"Keep on climbing though the ground might shake / Just keep on reaching though the limb might break," Maddie Marlow and Tae Dye sing in perfect harmony. "'Cause you can learn to fly on the way down ..."
Morris tells ABC that "Girl" began as a letter to a friend: "[I was asking], 'Why are we competing against one another? Is it ourselves? Is it this industry? Is it the world?'" she explains -- and then, she realized: "I don't think I am writing this to her. I am writing this to myself."
"Girl, don't hang your head low," Morris sings. "Don't lose your halo ... Everything's gonna be okay, baby girl."
The "girl power" runs deep in "This One's for the Girls." The Chris Lindsey, Hillary Lindsey and Aimee Mayo-penned song features McBride's two daughters, Delaney and Emma, as well as Carolyn Dawn Johnson and Faith Hill, on background vocals. The Top 5 country song (also a No. 1 on the Adult Contemporary chart) features a verse for almost every stage of life, each with an important reminder: "You're beautiful the way you are."
In Lambert's own words, "Vice" is about her “owning her s--t," even when it's not so pretty: “I think this song is an opportunity to just be honest and own it and say, ‘Yeah, I have some imperfections, and I live a life, and here and there I might get in a pickle,'" she says -- and there's power in that.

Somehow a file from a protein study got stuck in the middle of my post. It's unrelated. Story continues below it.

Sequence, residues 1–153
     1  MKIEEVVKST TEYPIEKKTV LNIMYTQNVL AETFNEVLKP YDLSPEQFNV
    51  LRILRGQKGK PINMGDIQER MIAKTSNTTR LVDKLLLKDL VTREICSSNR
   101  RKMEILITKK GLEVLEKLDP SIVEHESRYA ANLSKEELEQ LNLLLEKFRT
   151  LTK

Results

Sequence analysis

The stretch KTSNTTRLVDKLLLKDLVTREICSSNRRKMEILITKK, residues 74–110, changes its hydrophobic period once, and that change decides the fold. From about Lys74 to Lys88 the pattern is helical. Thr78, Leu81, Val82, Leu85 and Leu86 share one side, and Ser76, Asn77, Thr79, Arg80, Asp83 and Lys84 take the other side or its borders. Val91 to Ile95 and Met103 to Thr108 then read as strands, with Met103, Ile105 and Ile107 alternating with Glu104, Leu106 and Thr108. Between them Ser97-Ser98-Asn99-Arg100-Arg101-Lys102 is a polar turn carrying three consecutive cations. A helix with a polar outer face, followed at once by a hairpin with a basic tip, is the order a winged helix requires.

From 2005's Stronger Than Before, Newton-John's "Phenomenal Woman" is a simple reminder: Being a woman is dang awesome, so be proud! "I'm a woman / Phenomenal woman," she sings. "Baby, that's me."
RaeLynn's "Queens Don't" offers plenty of advice for happiness: Hating on others isn't going to make you feel better. Surround yourself with the people who lift you up. Stay strong, stand your ground, and remember how awesome you are.
"A queen's gonna rule just the way she was made / I ain't 'bout to let nobody come and take me off this throne," RaeLynn sings. "Some girls might, but queens don't."
Right from the get-go, the woman in McEntire's "I'm a Survivor" has had to prove that she's tough: "I was born three months too early / The doctor gave me thirty days," the country star sings. "But I must have had my mama's will / And God's amazing grace."
"When the deck is stacked against me / I just play a different game," McEntire continues. "I'm a survivor."
If there's a quintessential female empowerment song in country music, it's "Man! I Feel Like a Woman!" -- in part because Twain was one of the biggest superstars of all genres in the '90s. There's not a dance floor this song won't fill up, not a karaoke night that goes by without someone requesting this track. Not only is this Twain classic empowering, it's dang fun.